Eric Adams

Words/photos for Wired, Gear Patrol, PopSci, The Drive, Men's Health, Air&Space, more

Apr 27, 2020
Published on: Forbes
1 min read
Volkswagen Atlas Cross Sport, a mid-sized SUV with style and substance.
Volkswagen Atlas Cross Sport, a mid-sized SUV with style and substance.

There are two kinds of SUV folk: Those who need them, and those who want them. For the former, every millimeter of cargo space counts, every third-row seat represents one extra kid they can tote. For the latter, it’s all about convenience, comfort, and presence. These folks like slightly larger cars that have good visibility and match their personalities a bit—i.e., no econobox will do. They want cars to look good and be good, but they don’t sweat the dimensional details, and don’t really care about a third row.

The lifestyle SUV buyers are definitely quite a bit more chill than the family haulers, as consumers go, but they fussy in their own way. They want a bit of class, not brutalist design and engineering. If that’s the buyer Volkswagen has targeted with the Atlas Cross Sport—a smaller, better-proportioned variant of its popular top-line SUV—then it’s hit the nail on the head. The Cross Sport is a looker, especially with its more interesting paint schemes, such as the flat, nonmetallic Nardo Gray, and its more trim descending roofline and more steeply raked rear glass gives it a sophisticated, urbane profile. This also goes a long way to helping boost the proportions. The Cross Sport’s back end appears to sit a bit lower, reducing the space between the rear wheel and the roof, thus giving the wheel more presence. It’s a design trick, but a good one that lends big cars sportier auras.

There are compromises, in that you lose some interior volume in the cargo compartment. But like I said, people interested in the Cross Sport won’t mind. Throw in the fact that the back seat is a bit more roomier thanks to the deleted third row, and you have an even better proposition for those looking to not make adults feel like kids.

The five-seater, which I took on a shoreline drive before the world locked itself down, handles with reasonable agility in the arcing curves and tighter twisties. It’s not quite as sporty as, say, Audi’s equivalent, the Q8, but that’s to be expected since the suspension doesn’t receive any meaningful enhancements. That doesn’t mean it’s bad at all—it’s perfectly stable and comfortable across a wide variety of terrains, and its all-wheel-drive system has clearly been dialed to within an inch of its life to smoothly distribute torque—but there is enough body roll going on in spirited driving to remind you that you aren’t in an Audi.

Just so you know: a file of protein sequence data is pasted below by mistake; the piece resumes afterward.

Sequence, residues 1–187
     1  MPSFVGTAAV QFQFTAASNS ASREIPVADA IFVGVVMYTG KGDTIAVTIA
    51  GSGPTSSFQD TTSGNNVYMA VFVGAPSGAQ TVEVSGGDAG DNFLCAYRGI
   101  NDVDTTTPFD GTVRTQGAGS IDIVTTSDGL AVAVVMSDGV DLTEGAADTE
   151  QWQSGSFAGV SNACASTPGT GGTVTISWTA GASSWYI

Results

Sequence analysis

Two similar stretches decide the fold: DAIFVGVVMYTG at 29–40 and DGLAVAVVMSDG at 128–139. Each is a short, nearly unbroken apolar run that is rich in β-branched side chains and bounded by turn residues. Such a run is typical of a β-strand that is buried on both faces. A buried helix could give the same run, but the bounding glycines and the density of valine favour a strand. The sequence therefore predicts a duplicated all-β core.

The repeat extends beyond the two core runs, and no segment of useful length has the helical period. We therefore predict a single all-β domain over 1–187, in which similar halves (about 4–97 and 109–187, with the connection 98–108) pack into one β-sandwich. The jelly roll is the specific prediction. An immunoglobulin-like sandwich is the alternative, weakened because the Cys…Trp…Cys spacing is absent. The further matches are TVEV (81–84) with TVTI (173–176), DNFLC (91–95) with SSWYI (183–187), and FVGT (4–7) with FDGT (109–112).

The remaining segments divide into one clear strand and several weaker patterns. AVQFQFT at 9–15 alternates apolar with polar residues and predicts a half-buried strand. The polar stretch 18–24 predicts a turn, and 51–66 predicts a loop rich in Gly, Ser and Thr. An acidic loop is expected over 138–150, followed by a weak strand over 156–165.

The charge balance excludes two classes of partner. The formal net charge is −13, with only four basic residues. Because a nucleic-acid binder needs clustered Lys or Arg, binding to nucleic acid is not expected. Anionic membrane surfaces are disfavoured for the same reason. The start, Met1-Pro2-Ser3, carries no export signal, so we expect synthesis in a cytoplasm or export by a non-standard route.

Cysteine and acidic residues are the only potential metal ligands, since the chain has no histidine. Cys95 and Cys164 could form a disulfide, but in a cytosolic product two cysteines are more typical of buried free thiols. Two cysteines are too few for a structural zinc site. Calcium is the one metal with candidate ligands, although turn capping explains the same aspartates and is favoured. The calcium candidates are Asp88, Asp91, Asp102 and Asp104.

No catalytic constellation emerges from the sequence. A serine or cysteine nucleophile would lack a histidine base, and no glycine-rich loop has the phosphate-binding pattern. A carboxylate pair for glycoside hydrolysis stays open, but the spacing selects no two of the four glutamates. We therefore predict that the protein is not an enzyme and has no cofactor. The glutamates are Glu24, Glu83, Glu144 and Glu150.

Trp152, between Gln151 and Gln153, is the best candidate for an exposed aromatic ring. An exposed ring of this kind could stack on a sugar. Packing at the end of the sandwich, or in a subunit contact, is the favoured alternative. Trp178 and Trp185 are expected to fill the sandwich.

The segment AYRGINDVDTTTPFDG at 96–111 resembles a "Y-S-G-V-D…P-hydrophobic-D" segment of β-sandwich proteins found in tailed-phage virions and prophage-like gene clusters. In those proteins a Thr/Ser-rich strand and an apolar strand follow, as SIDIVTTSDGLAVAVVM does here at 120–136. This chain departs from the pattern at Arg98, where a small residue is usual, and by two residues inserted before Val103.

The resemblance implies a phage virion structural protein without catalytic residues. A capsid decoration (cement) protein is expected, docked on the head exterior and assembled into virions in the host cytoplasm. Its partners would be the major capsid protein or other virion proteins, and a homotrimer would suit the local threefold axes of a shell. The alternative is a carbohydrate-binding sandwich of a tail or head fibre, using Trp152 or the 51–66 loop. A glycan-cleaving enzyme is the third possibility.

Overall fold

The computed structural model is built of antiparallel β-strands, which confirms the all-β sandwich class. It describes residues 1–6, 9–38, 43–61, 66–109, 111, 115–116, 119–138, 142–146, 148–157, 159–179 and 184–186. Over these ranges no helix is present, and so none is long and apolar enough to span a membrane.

Otherwise, the difference can be hard to grok. The two available engines are plenty sporty enough for the car, with the 235-horsepower 2-liter inline-four being barely less responsive than the 276-horsepower, 3.6-liter V6, and both generating adequate grunt. Also, the Cross Sport’s interior is clean, tight, and smart, with sharp design details, excellent accessibility to the controls, and a firm touch without feeling plasticy. There’s definitely Audi influence going on here, and the car is generally an outstandingly crisp option in the higher end of the value-brand lineups.

Speaking of lineups, there are no fewer than 8 trim levels in the Cross Sport, with perilously thin lines between them given that the spread is only $10,000 or so—starting at $30,545 for the base 2-liter and topping out just about $40,000 for the V6 models. But that also means you have lots of directions you can go in when picking out your options—and they are plentiful, particularly in the realm of connectivity and driver assistance.

The Atlas Cross Sport is the first to offer Traffic Jam Assist and Dynamic Road Sign Display in its U.S. models, and its Car-Net telematics and remote-access system is standard now, with five years of free service. This newly enhanced system allows owners to access the vehicle through a mobile app to lock and unlock it, find its location, summon roadside assistance, and start the engine—if equipped with the right hardware. If the car has built-in navigation, users can send destinations directly to the car after sorting them on their phone, which saves the bother of having to re-do your inputs in the car itself. Later this year, owners will also be able to access some of these functions through connected smart-home devices.

Elsewhere, the MIB II infotainment system gets its own enhancements, with a capacitive touchscreen, dynamic graphics, and multiple input options for smartphones and such. (Apple CarPlay and Android Auto are included in certain trim levels, and the display interfaces are truly top-notch.) The SEL Premium trip introduces the Fender Premium Audio, which provides 12 speakers and a 480-watt amp to produce commendably good sound even at highway speeds.

There are plenty of other features in a long list of categories—the nuances of the different traction and terrain modes, all the safety features, including a novel post-collision braking system that minimizes the chance of secondary collisions, and all the driver-assistance tech and obstacle-detection options. Indeed, for a $40,000 car, there’s a lot going on. That’s to Volkswagen’s credit as much as it reflects an industry-wide trickling down of tech from premium models, as few cars at this level—not Blazer, not Passport, not Edge—offer quite so many perks.

On the other hand, the Atlas Cross Sport is absolutely a premium product for discerning customers. It’s just not priced like one.

Eric Adams
Eric Adams